You kind of think that there at least had to be something in Nicky, some potential for good that would have come out in the end anyway, but from the first half of the book, you really don’t see it. As it’s told from his perspective, you get a real sense of his bloodthirstiness, his real enjoyment of violence, it’s pretty scary! And therefore even more amazing to us mere mortals, that he could come, not only to know Jesus, but to be an incredible witness for Him! The particular focus of his ministry is those still in the gangs and later, those whose lives are being wrecked by drugs.

It’s really encouraging to see that he doesn’t necessarily have a smooth journey, more than once there’s a real crisis of faith, of confidence in what he’s doing – it’s helpful to see that while he has this amazing story, he is still human just like the rest of us!

A hugely powerful and challenging book, just like Wilkerson’s was, and I’d hugely recommend it.

Internet highlights – w/c 2nd May 2021

8 05 2021
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The Last Day – by Andrew Hunter Murray

1 05 2021

I was fascinated by the concept of this book. The year is 2059, 30 years after the Earth stopped spinning, after gradually slowing down between 2020 and 2029. The plant is now in lock-step with the sun, and so half the world is in cold darkness, half is scorching hot, and life only exists on the border between the two – interesting!

The book is set in the UK, where the sun is low in the sky as if just after dawn – this is one of the things I found hardest to keep straight in my mind, e.g. when the character returned home in an evening, in my head it was dark, and I frequently found myself having to completely reimagine scenes as they would have been!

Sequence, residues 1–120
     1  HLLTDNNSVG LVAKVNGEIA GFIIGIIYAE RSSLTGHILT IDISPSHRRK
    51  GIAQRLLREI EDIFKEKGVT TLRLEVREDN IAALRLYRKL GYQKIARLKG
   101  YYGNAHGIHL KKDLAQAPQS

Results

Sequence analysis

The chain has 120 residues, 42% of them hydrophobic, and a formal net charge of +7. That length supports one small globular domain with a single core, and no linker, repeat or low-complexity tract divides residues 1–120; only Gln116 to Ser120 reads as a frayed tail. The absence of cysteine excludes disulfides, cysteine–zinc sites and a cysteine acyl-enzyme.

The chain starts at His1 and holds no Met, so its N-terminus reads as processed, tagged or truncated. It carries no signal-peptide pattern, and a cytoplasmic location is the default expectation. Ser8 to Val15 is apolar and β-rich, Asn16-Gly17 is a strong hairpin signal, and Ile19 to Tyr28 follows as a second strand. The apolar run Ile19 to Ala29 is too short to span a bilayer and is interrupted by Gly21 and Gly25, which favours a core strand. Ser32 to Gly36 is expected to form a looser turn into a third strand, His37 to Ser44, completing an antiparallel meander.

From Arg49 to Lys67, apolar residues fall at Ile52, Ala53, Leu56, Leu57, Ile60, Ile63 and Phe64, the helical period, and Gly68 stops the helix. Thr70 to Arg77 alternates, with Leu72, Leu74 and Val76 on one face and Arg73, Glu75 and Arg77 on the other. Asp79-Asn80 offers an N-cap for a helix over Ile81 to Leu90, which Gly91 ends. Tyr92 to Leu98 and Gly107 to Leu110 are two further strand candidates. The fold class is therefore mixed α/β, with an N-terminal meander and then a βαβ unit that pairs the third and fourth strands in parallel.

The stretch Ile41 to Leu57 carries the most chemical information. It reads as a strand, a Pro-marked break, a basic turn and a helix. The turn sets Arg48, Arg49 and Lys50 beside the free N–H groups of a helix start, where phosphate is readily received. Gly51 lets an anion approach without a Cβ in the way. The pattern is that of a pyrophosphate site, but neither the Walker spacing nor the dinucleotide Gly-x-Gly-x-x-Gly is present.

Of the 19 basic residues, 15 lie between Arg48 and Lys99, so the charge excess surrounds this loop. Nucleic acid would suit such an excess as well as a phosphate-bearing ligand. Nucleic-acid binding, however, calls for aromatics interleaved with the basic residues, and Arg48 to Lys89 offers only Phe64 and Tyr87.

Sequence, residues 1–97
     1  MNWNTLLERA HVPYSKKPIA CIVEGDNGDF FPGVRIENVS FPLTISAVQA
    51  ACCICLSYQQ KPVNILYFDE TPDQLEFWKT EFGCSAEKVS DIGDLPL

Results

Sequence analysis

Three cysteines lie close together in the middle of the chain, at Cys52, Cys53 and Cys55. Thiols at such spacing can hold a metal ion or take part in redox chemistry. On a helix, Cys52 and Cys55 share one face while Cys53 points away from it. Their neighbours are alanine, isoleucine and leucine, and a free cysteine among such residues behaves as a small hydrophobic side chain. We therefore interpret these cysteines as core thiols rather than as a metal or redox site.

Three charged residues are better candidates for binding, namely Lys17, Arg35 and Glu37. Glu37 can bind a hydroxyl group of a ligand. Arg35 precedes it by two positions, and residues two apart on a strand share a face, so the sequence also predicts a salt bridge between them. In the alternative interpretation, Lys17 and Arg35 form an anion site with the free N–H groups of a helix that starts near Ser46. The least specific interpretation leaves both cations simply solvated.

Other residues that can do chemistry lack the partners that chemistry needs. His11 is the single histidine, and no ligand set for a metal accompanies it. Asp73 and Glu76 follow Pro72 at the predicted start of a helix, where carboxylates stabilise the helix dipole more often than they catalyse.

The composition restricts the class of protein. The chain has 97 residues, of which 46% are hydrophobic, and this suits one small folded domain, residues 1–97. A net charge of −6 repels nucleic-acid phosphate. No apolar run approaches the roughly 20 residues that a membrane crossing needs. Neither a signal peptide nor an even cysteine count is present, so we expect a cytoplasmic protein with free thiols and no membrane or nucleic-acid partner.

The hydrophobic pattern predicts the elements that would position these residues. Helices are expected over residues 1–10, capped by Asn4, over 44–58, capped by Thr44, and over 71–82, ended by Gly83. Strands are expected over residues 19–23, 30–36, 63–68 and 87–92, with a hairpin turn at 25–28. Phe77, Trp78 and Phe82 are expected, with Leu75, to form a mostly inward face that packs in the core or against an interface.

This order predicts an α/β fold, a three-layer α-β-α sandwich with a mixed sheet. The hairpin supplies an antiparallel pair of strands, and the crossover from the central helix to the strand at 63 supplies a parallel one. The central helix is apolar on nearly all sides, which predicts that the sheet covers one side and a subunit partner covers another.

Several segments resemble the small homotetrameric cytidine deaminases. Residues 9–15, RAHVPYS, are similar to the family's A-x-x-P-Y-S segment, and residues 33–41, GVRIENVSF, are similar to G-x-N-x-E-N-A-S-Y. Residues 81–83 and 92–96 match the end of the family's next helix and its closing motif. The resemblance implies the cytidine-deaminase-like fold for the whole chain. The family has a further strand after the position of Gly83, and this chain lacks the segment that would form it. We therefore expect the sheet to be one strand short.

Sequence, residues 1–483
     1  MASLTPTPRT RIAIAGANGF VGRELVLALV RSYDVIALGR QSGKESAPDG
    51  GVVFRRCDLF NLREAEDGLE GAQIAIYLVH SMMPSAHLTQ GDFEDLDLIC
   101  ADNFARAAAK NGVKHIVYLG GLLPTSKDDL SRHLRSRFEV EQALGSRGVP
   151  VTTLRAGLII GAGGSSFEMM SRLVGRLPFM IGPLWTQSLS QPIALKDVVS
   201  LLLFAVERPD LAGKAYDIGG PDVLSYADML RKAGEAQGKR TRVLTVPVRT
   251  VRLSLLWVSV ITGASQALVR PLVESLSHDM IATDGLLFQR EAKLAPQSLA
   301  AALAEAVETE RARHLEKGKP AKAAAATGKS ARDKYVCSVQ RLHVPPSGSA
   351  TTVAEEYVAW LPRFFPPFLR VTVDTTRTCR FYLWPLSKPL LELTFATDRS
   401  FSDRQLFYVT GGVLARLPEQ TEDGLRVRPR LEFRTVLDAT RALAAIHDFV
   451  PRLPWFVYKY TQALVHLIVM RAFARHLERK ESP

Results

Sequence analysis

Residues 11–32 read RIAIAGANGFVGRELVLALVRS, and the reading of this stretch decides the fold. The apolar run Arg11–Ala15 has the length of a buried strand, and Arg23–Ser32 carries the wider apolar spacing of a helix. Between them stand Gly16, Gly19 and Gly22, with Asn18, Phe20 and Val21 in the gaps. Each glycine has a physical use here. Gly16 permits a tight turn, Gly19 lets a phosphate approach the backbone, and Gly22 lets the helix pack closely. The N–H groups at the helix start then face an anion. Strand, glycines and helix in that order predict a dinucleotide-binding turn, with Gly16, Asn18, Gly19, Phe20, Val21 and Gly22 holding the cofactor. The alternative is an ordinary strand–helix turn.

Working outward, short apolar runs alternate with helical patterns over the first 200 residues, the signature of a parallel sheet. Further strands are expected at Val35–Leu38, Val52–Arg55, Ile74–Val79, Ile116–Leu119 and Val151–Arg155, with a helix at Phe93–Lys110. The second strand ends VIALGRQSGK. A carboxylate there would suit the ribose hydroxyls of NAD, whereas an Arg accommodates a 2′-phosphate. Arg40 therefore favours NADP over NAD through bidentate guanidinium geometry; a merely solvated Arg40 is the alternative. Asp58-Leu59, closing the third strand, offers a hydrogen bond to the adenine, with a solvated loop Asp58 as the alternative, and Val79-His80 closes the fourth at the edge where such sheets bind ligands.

As the author also happens to be a QI elf, the book explains what caused the rotation of the Earth to slow, some of the more detailed affects that has had, which make it much more satisfying for a logistical brained person like me! Things like: how the first day of The Slow, was only 0.144 seconds longer than the previous day, but how that in itself was enough to collapse GPS systems worldwide, how 15 months into the slow, countries were adding Dead Air to their days to cope with them lengthening, but how England updated Eurotunnel timetables daily, and France weekly, so after a while, there was a crash, and how houses have been adapted to simulate day and night with reflective shutters so people still have a chance to sleep properly.

I have one outstanding niggle, which is why the earth stopped spinning and and the deceleration didn’t continue into starting to spin the other way, but that might just be my lack of understanding – hopefully I will lend it to my dad at some point, and then he can explain it to me!

In all honesty, it’s these bits of the book I found most interesting, how it would all happen, rather than the ‘plot’ which involves Ellen Hopper trying to uncover a secret that the government wants to keep hidden, although that was interesting too, just not what gripped my attention and imagination the most!

Just two quotes to share from this book:

At one point, someone who remembers life before The Stop is talking about it and says “I always think it must have been better to be Cain than Adam,. No memory of paradise.”

And later on, “Everyone says they’re opposite endeavours, politics and science, that one deals with truth and the other with perception.”